Fiu: Bill Stewart kept the ship afloat
Posted May 21, 2012

Bill Stewart turned out to be a terrific gap-filler to help West Virginia get to the Big 12

By Pete Fiutak

While former West Virginia head coach Bill Stewart will be forever known mostly for the way his tenure ended, he should be remembered for being the coach who kept the ship afloat and helped set the tone for a huge move forward to the Big 12.


Stewart died Monday of an apparent heart attack at the age of 59, just shy of a year after the "dig up dirt" dust-up with current head coach Dana Holgorsen –- in which Stewart allegedly asked a reporter to find bad things to report about the new coach. The scandal was bad, leading to his forced resignation in June 2011. The end to his head coaching stint at VMI was worse -– canned after an 8-25 record combined with ugly allegations about a racist remark. However, he turned out to be a terrific coach during his short stint with the Mountaineers and will forever be known for pulling out a win over Oklahoma in the 2008 Fiesta Bowl.

All of a sudden, Rich Rodriguez had gone from being the favorite son to a pariah after leaving West Virginia for Michigan on horrible terms following what almost became a dream season.

The Mountaineers were 10-1 and just needed to beat a bad Pitt team at home to go on to play for the national championship. After the painful 13-9 loss, and the departure of RichRod, no one thought West Virginia had any shot against a loaded Sooner team.

Instead, assistant head coach Stewart was named the interim head man and steadied the ship, getting the team more than ready in a dominant 48-28 win that became the shocker of that bowl season. That wasn't just a tribute to Stewart's coaching ability, but it showed how the players responded to him. After open lobbying from several of the players, West Virginia chose to make Stewart the full time head coach.

While some thought he might not have been the right man, he put together a terrific coaching staff, hit the recruiting trail hard, and did a great job going 9-4 for three straight seasons with a share of the 2010 Big East title. However, the offense started to fall flat and there was some sense that the program might start to slip a little bit. When Holgorsen, the hot offensive coordinator from Oklahoma State, became available, athletic director Oliver Luck had to try to come up with a solution.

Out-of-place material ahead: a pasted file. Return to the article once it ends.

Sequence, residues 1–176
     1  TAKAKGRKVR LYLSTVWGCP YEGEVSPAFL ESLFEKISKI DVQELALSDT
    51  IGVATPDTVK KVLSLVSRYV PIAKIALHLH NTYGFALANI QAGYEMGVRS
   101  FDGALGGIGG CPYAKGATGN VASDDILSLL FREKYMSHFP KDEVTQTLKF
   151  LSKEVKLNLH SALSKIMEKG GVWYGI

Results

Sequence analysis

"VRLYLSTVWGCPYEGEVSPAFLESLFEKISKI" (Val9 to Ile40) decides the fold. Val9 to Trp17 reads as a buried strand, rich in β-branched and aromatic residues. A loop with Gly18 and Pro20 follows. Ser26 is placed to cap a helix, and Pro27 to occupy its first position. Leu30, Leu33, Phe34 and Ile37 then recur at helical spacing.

Stewart wasn't bad, notching 28 wins in just over three years, and he was likeable enough to not have anyone want to kick him to the curb, so the ill-fated idea of hiring Holgorsen as the offensive coordinator and the head coach-in-waiting was born.
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Stewart and Holgorsen weren't exactly keen on the relationship.

In the end, Holgorsen took over and now has West Virginia on the verge of being a consistent national superpower from the Big 12 after blowing away Clemson in the Orange Bowl, while Stewart was on his way to being a TV analyst with a great future ahead of him.

Just 59 when he passed away, with his personality and coaching ability he had the potential to grow into a terrific TV talking head. But as a coach, he should be remembered as the one who bridged the gap between Rodriguez and Holgorsen and kept the program going and improving.

No, West Virginia isn't in the Big 12 now because of Stewart, but it might not have been as attractive if it crashed under his tenure.